William Neal Reynolds Professor of Law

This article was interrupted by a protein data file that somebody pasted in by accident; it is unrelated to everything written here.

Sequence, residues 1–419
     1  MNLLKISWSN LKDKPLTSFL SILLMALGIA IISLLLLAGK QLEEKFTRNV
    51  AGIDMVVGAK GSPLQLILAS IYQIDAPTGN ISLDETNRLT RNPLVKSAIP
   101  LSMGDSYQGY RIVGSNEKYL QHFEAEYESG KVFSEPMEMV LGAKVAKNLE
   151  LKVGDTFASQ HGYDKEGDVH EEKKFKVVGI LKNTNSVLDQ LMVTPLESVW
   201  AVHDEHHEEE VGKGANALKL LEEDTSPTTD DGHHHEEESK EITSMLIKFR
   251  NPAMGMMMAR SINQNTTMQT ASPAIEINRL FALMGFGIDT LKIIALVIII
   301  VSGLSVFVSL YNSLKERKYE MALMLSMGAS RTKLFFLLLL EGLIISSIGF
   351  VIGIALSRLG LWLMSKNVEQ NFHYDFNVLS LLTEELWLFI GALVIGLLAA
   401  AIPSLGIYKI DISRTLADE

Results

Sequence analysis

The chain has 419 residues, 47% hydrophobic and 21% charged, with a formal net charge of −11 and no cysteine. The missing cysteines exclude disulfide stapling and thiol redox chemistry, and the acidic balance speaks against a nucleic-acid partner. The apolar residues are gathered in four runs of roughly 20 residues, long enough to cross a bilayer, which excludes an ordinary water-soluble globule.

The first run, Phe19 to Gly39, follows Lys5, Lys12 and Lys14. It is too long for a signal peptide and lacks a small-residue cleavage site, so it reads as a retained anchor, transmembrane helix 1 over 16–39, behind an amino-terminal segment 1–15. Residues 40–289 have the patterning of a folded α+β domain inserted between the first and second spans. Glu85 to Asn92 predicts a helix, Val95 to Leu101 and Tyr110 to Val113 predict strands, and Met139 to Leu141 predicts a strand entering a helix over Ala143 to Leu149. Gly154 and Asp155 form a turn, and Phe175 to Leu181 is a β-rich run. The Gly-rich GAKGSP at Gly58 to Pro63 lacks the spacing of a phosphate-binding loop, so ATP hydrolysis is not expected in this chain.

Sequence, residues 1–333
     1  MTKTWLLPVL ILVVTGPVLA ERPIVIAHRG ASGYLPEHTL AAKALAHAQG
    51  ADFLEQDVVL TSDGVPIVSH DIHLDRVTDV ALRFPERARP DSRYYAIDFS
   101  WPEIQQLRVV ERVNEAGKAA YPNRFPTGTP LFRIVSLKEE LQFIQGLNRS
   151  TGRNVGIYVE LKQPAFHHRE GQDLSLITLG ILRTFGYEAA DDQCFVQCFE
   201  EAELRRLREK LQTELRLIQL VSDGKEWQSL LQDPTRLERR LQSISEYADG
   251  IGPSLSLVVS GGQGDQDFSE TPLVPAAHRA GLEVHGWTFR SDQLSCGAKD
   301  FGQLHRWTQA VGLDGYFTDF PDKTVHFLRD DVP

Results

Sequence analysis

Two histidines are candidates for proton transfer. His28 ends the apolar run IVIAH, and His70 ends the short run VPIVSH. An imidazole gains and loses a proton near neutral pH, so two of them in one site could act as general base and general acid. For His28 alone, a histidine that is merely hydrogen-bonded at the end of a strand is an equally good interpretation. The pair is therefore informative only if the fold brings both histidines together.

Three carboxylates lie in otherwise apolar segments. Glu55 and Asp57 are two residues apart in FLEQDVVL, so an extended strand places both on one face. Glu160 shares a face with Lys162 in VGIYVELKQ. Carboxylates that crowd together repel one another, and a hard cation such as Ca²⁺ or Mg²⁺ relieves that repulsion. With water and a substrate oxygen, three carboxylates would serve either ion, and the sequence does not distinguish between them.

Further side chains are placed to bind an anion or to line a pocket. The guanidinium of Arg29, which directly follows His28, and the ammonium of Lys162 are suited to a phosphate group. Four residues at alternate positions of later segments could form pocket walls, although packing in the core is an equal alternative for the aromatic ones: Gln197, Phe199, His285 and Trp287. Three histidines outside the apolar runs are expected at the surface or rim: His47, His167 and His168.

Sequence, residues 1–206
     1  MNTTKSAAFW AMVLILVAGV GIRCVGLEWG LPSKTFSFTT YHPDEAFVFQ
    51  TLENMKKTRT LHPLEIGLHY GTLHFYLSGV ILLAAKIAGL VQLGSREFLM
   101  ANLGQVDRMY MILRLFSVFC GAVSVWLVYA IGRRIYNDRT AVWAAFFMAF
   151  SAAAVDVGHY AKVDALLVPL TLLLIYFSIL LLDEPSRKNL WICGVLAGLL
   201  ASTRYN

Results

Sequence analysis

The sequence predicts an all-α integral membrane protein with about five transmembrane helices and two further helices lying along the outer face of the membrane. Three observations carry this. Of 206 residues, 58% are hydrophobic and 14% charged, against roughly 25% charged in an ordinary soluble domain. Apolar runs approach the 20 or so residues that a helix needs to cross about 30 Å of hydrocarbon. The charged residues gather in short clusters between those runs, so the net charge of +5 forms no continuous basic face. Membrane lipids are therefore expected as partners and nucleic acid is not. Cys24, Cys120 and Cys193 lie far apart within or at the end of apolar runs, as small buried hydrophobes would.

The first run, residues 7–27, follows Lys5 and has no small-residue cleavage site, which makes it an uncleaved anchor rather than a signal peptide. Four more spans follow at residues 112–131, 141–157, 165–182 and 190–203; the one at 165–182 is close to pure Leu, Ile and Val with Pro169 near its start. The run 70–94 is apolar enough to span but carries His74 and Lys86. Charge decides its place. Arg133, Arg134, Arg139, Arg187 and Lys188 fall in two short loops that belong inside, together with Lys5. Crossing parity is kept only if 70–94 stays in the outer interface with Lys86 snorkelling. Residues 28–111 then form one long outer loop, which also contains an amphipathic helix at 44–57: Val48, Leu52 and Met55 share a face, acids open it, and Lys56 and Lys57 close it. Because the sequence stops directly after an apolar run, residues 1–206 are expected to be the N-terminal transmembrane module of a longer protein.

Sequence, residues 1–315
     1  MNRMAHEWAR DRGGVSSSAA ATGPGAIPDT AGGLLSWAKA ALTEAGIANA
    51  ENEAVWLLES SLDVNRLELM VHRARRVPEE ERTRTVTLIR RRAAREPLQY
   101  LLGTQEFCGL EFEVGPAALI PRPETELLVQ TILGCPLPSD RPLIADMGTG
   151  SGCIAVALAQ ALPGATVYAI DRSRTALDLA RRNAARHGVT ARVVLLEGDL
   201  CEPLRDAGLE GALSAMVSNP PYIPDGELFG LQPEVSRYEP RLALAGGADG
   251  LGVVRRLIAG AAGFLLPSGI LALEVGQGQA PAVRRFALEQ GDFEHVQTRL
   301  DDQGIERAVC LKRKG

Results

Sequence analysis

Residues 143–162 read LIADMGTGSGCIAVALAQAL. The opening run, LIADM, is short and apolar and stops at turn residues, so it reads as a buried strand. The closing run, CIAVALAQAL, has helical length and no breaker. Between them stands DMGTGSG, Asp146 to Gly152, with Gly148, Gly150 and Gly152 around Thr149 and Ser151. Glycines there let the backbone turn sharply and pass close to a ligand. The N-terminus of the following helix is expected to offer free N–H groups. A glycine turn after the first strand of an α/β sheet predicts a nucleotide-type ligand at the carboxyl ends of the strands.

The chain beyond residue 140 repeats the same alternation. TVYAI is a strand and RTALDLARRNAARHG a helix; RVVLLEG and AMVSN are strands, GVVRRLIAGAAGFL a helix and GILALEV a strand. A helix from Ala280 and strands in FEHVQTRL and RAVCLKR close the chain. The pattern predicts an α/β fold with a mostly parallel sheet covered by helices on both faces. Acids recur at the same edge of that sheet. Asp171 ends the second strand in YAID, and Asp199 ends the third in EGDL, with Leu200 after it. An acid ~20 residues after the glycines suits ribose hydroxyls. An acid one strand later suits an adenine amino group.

James Boyle is William Neal Reynolds Professor of Law and co-founder of the Center for the Study of the Public Domain at Duke Law School. He joined the faculty in July 2000. He has also taught at American University, Yale, Harvard, and the University of Pennsylvania Law School. He is the author of The Public Domain: Enclosing the Commons of the Mind, and Shamans, Software and Spleens: Law and Construction of the Information Society. He was also the the editor of Critical Legal Studies (Dartmouth/NYU Press), Collected Papers on the Public Domain, and the co-editor of Cultural Environmentalism @ 10 (with Larry Lessig). He has also published two graphic novels: Bound By Law, on fair use and the permissions culture in intellectual property, and Theft: A History of Music, a 2000 year long history of musical borrowing from Plato to rap, and an open access casebook on Intellectual Property. (all with Jennifer Jenkins). His essays include The Second Enclosure Movement, a study of the economic rhetoric of price discrimination in digital commerce, and a Manifesto on WIPO. His shorter pieces include Missing the Point on Microsoft, a speech to the Federalist Society called Conservatives and Intellectual Property, and numerous newspaper articles on law, technology and culture. His book reviews on social theory and the environment, the naturalistic fallacy in environmentalism, and on competing approaches to copyright have appeared in the Times Literary Supplement. His newspaper articles have appeared in the New York Times, the Financial Times, the Washington Times, Newsweek and the Economist. Professor Boyle teaches Intellectual Property, Law and Literature, Jurisprudence and Torts. He was one of the founding board members of Creative Commons, which works to facilitate the free availability of art, scholarship, and cultural materials by developing innovative, machine-readable licenses that individuals and institutions can attach to their work. He has been awarded a World Technology Network Award for Law and the Electronic Frontier Foundation’s Pioneer Award for his work on the public domain and the second enclosure movement that threatens it, while his books have won the Donald McGannon Award for communications policy and the American Society for Information Science and Technology Award for book of the year. He is most proud, however, of the award he received in 2006: the Duke Bar Association Distinguished Teaching Award.